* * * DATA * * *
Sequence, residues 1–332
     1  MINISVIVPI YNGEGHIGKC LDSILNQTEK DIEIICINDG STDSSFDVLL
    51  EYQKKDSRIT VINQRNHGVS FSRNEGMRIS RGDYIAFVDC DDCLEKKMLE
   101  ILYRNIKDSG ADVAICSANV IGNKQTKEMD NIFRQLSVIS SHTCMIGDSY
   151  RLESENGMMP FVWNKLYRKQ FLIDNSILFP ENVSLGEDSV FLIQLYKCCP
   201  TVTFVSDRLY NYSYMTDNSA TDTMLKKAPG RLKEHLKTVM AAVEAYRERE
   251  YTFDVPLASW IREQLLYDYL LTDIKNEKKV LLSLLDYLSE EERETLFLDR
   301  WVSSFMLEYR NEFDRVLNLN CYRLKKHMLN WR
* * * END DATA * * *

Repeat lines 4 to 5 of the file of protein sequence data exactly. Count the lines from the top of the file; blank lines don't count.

   101  ILYRNIKDSG ADVAICSANV IGNKQTKEMD NIFRQLSVIS SHTCMIGDSY
   151  RLESENGMMP FVWNKLYRKQ FLIDNSILFP ENVSLGEDSV FLIQLYKCCP